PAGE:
Model-based recursive partitioning for discrete event times

14 Sep 2022  ·  Cynthia Huber, Matthias Schmid, Tim Friede ·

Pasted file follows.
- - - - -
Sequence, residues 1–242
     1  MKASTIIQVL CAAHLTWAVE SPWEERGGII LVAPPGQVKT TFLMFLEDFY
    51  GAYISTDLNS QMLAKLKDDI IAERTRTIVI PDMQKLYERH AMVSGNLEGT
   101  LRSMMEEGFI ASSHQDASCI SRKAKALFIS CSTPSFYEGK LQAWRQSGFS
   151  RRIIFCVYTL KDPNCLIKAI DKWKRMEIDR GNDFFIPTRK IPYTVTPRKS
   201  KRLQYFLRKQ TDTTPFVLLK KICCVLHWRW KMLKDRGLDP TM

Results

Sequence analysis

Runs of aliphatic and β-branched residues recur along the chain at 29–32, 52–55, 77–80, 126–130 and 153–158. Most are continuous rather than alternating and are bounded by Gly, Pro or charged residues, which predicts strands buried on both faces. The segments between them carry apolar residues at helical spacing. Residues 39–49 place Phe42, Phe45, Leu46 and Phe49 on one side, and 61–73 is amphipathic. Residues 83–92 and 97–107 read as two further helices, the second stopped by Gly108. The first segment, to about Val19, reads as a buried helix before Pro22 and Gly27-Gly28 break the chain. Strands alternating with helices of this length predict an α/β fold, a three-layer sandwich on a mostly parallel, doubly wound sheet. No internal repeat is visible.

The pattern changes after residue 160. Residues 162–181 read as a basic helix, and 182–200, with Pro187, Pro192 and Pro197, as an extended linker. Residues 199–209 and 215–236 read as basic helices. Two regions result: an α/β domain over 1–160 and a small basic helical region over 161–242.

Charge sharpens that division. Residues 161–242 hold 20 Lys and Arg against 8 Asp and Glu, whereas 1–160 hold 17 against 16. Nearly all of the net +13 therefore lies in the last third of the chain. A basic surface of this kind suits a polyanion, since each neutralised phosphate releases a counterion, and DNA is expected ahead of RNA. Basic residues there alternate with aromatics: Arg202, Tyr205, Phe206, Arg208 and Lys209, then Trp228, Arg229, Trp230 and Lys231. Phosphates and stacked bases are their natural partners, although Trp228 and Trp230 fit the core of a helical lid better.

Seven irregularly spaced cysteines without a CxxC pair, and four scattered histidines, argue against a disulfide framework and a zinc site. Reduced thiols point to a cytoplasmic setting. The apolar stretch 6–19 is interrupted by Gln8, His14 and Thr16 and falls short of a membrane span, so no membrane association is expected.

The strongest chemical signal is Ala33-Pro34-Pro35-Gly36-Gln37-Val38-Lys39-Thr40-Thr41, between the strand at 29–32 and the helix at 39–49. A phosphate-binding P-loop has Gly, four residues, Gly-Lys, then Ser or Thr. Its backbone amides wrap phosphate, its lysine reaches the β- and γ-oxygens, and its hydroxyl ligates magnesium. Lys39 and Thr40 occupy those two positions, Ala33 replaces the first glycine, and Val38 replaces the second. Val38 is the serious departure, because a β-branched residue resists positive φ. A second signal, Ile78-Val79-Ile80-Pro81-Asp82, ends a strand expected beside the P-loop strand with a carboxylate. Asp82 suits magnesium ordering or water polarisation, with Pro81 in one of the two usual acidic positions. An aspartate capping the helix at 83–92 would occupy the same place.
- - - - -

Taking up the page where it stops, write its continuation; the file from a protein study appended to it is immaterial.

Model-based recursive partitioning (MOB) is a semi-parametric statistical approach allowing the identification of subgroups that can be combined with a broad range of outcome measures including continuous time-to-event outcomes. When time is measured on a discrete scale, methods and models need to account for this discreetness as otherwise subgroups might be spurious and effects biased. The test underlying the splitting criterion of MOB, the M-fluctuation test, assumes independent observations. However, for fitting discrete time-to-event models the data matrix has to be modified resulting in an augmented data matrix violating the independence assumption. We propose MOB for discrete Survival data (MOB-dS) which controls the type I error rate of the test used for data splitting and therefore the rate of identifying subgroups although none is present. MOB-ds uses a permutation approach accounting for dependencies in the augmented time-to-event data to obtain the distribution under the null hypothesis of no subgroups being present. Through simulations we investigate the type I error rate of the new MOB-dS and the standard MOB for different patterns of survival curves and event rates. We find that the type I error rates of the test is well controlled for MOB-dS, but observe some considerable inflations of the error rate for MOB. To illustrate the proposed methods, MOB-dS is applied to data on unemployment duration.

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